Why in News?
- Americans Harvey J Alter and Charles M Rice and British scientist Michael Houghton were awarded the Nobel Prize for Medicine or Physiology for the discovery of the hepatitis C virus.
About their discovery
- The Hepatitis C virus was found in 1982 after screening millions of DNA samples.
- Hepatitis C is caused by the Hepatitis C Virus (HCV).
- Hepatitis C is transmitted through direct contact with infected body fluids, typically through injection drug use and sexual contact. HCV is among the most common blood-borne viral infections.
- The trio’s work helped explain a major source of blood-borne hepatitis that couldn’t be explained by the hepatitis A and B viruses.
- Their work make possible blood tests and new medicines that have saved millions of lives
- Due to their discovery, highly sensitive blood tests for the virus are now available and these have essentially eliminated post-transfusion hepatitis in many parts of the world, greatly improving global health
- Hepatitis refers to an inflammatory condition of the liver. Usually caused by a viral infection, but there exists other possible causes of hepatitis which are autoimmune responses, medications, drugs, toxins, and alcohol.
- There are 5 main hepatitis viruses, referred to as types A, B, C, D, and E.
- Liver inflammation, or hepatitis, a combination of the Greek words for liver and inflammation, is mainly caused by viral infections, although alcohol abuse, environmental toxins and autoimmune disease are also important causes.
- The first, named hepatitis A, is transmitted by polluted water or food and generally has little long-term impact on the patient. The second type is transmitted through blood and bodily fluids and represents a much more serious threat since it can lead to a chronic condition, with the development of cirrhosis and liver cancer.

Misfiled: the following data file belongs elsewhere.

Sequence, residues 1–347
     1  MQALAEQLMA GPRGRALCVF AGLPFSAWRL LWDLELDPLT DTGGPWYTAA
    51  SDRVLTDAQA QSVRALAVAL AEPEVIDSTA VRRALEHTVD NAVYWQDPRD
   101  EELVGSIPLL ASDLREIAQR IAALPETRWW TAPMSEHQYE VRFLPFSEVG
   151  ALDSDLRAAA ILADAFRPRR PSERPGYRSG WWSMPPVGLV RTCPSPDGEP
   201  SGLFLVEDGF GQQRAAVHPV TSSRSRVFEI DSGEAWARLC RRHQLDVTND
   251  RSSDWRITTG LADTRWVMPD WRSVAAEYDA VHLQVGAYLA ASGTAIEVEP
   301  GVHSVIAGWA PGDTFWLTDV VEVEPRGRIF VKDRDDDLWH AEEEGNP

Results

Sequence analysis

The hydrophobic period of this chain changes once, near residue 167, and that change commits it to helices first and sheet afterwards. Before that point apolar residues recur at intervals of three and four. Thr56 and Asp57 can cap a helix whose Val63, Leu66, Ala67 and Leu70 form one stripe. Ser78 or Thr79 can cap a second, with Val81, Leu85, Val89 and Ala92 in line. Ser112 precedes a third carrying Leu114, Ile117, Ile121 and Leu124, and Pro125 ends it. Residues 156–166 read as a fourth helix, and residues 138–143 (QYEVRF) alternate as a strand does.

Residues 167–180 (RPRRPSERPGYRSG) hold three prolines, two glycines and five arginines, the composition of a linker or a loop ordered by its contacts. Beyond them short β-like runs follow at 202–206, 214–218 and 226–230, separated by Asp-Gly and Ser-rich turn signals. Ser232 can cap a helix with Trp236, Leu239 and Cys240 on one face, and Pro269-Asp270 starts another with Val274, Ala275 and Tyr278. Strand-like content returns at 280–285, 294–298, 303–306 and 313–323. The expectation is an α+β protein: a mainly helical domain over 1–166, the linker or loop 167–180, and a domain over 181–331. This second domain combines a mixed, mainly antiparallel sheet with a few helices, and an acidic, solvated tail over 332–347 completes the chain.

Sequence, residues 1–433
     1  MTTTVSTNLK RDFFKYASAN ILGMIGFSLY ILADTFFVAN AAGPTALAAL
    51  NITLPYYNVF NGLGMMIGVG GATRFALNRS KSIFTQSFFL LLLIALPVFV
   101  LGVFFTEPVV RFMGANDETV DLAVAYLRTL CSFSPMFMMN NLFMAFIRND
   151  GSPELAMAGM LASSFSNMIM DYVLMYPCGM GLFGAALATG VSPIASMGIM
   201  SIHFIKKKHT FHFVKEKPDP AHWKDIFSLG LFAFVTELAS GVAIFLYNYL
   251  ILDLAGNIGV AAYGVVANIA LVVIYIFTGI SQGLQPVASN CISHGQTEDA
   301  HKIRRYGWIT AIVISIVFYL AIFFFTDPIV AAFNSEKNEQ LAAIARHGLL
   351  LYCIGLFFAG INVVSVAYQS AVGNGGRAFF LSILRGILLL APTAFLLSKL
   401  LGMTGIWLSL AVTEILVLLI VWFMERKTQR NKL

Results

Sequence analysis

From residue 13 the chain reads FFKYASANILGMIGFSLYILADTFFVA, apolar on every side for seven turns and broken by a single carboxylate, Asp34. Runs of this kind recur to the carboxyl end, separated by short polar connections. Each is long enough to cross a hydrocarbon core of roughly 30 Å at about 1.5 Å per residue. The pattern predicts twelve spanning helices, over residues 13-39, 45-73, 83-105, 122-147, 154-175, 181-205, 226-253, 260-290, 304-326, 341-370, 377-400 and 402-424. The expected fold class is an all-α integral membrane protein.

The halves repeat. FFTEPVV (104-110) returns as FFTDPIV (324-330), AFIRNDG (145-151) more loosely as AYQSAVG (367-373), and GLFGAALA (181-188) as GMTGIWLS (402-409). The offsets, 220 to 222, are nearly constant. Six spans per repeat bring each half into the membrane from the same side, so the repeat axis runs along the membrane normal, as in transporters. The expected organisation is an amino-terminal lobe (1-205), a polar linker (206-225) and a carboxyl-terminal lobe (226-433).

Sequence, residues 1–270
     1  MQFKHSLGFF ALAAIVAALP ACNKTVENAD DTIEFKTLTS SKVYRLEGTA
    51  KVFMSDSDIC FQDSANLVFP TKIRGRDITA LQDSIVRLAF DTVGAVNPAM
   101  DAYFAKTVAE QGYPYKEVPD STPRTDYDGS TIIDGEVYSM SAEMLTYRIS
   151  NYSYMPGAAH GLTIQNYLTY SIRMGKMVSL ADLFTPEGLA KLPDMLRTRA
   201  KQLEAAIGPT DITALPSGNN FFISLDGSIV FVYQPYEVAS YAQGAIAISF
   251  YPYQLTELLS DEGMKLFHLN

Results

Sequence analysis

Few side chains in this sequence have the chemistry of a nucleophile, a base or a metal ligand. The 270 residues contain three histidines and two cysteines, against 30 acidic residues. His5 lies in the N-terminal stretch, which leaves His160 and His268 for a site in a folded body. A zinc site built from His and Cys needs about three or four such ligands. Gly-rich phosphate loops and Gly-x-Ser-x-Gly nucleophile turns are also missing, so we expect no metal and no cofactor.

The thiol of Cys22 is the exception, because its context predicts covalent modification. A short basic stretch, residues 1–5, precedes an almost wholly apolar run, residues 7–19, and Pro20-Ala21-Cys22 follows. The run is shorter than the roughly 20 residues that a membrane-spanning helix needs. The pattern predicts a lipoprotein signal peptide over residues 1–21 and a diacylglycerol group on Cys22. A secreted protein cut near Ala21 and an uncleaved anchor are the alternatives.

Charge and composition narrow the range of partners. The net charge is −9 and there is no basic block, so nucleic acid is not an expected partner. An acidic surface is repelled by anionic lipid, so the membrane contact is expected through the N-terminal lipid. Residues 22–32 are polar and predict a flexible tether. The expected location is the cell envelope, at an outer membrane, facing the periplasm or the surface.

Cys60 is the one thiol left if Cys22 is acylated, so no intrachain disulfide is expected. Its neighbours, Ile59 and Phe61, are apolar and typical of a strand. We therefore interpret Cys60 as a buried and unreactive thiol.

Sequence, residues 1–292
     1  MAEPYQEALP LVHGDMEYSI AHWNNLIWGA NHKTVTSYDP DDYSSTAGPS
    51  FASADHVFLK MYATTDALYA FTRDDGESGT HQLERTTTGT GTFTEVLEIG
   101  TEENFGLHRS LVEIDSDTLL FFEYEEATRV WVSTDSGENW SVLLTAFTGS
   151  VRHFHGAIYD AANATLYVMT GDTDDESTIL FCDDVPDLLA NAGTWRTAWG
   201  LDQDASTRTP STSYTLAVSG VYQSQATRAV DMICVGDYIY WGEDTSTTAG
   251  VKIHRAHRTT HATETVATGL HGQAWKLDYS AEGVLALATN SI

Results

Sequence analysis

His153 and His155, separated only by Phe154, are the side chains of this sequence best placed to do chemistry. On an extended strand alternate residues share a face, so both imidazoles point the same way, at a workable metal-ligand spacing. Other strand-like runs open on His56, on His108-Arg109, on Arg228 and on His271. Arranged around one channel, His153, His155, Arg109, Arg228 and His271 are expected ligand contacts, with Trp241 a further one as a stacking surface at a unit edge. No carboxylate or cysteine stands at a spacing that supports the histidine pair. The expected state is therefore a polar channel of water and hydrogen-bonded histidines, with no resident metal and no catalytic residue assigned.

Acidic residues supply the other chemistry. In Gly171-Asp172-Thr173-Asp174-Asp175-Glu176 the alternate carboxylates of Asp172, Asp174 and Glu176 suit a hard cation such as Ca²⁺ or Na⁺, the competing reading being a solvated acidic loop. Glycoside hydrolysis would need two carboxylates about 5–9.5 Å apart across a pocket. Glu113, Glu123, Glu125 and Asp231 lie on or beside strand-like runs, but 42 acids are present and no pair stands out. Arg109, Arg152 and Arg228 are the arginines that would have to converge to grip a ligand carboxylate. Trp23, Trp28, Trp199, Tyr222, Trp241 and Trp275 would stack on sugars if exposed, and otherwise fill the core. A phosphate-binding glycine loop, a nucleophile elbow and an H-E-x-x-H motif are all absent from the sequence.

- This form of hepatitis is insidious, as otherwise healthy individuals can be silently infected for many years before serious complications arise.
- Blood-borne hepatitis is associated with significant morbidity and mortality, and causes more than a million deaths per year world-wide, thus making it a global health concern on a scale comparable to HIV-infection and tuberculosis.
- Globally, an estimated 71 million people have chronic hepatitis C virus infection. A significant number of those who are chronically infected will develop cirrhosis or liver cancer.
India and Hepatitis
- In India, as per latest estimates, 40 million people are chronically infected with hepatitis B and six to 12 million people are chronically infected with hepatitis C. HEV is the most important cause of epidemic hepatitis, though HAV is more common among children. Most acute liver failures diagnosed are attributable to HEV.
- In India, viral hepatitis is now recognized as a serious public health problem. It places a huge disease, social and economic burden on the affected individual, family, as well as the health system.
- The National Viral Hepatitis Control Program has been launched by the Ministry of Health and Family Welfare, Government of India on the occasion of World Hepatitis Day, 28th July 2018. It is an integrated initiative for the prevention and control of viral hepatitis in India to achieve Sustainable Development Goal (SDG) 3.3 which aims to end viral hepatitis by 2030. This is a comprehensive plan covering the entire gamut from Hepatitis A, B, C, D & E, and the whole range from prevention, detection and treatment to mapping treatment outcomes. The program is the largest program for Hepatitis B and C diagnosis and treatment in the world.
- Hepatitis B is included under India’s Universal Immunization Programme (UIP)
- Recently, India’s first genetically engineered vaccine against hepatitis B [SHANVAC-B] developed by Hyderabad-based Shantha Biotechnics, an Indo-Oman joint venture, has been marketed for the immunisation of infants, children and adults against hepatitis B infection.